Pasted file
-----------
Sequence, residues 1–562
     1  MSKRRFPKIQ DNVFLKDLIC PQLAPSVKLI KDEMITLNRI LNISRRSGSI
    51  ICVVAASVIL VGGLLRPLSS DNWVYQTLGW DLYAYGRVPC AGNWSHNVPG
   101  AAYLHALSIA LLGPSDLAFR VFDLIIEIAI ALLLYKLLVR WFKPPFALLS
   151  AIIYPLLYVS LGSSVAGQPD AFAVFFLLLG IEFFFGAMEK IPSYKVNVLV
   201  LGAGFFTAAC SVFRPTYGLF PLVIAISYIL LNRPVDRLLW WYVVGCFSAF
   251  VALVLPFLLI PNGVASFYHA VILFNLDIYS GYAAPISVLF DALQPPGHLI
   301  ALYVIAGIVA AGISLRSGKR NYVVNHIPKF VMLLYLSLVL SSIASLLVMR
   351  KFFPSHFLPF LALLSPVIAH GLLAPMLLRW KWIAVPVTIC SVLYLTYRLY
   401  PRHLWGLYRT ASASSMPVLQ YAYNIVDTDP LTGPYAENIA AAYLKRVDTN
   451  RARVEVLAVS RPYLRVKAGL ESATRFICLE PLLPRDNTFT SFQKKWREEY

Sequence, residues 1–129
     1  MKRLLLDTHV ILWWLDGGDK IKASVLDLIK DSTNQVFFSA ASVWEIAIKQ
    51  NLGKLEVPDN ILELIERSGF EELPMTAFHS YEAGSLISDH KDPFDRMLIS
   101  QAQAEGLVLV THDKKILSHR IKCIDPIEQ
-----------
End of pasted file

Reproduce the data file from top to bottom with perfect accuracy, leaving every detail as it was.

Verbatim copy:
Sequence, residues 1–562
     1  MSKRRFPKIQ DNVFLKDLIC PQLAPSVKLI KDEMITLNRI LNISRRSGSI
    51  ICVVAASVIL VGGLLRPLSS DNWVYQTLGW DLYAYGRVPC AGNWSHNVPG
   101  AAYLHALSIA LLGPSDLAFR VFDLIIEIAI ALLLYKLLVR WFKPPFALLS
   151  AIIYPLLYVS LGSSVAGQPD AFAVFFLLLG IEFFFGAMEK IPSYKVNVLV
   201  LGAGFFTAAC SVFRPTYGLF PLVIAISYIL LNRPVDRLLW WYVVGCFSAF
   251  VALVLPFLLI PNGVASFYHA VILFNLDIYS GYAAPISVLF DALQPPGHLI
   301  ALYVIAGIVA AGISLRSGKR NYVVNHIPKF VMLLYLSLVL SSIASLLVMR
   351  KFFPSHFLPF LALLSPVIAH GLLAPMLLRW KWIAVPVTIC SVLYLTYRLY
   401  PRHLWGLYRT ASASSMPVLQ YAYNIVDTDP LTGPYAENIA AAYLKRVDTN
   451  RARVEVLAVS RPYLRVKAGL ESATRFICLE PLLPRDNTFT SFQKKWREEY

Sequence, residues 1–129
     1  MKRLLLDTHV ILWWLDGGDK IKASVLDLIK DSTNQVFFSA ASVWEIAIKQ
    51  NLGKLEVPDN ILELIERSGF EELPMTAFHS YEAGSLISDH KDPFDRMLIS
   101  QAQAEGLVLV THDKKILSHR IKCIDPIEQ